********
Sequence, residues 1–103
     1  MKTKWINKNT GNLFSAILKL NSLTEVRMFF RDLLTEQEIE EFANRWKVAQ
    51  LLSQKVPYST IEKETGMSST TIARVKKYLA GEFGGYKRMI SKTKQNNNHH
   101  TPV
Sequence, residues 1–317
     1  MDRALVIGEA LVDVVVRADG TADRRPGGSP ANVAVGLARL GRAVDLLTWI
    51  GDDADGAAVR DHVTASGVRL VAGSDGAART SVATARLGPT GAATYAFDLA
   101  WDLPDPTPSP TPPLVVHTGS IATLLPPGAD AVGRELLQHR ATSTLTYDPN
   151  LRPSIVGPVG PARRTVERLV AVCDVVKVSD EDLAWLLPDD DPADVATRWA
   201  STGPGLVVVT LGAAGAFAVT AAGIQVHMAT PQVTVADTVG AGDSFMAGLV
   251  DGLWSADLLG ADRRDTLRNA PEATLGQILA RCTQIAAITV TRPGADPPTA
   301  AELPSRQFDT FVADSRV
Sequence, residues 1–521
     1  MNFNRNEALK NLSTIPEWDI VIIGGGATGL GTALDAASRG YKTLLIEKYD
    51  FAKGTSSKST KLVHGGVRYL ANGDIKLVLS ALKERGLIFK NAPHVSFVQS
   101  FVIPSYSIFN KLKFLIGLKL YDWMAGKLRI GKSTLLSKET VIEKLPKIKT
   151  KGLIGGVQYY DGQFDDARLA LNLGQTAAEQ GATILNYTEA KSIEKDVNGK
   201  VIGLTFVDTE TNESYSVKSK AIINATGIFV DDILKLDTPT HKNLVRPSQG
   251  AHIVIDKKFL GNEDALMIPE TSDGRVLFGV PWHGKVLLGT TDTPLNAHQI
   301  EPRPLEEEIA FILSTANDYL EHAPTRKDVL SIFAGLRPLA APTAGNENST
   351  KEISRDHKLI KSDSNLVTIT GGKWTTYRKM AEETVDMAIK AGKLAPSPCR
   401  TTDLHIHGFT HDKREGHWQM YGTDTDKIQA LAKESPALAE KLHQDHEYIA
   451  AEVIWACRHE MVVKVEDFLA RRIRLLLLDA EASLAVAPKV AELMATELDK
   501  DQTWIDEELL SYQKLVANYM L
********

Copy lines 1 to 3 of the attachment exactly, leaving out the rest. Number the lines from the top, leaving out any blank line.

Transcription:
Sequence, residues 1–103
     1  MKTKWINKNT GNLFSAILKL NSLTEVRMFF RDLLTEQEIE EFANRWKVAQ
    51  LLSQKVPYST IEKETGMSST TIARVKKYLA GEFGGYKRMI SKTKQNNNHH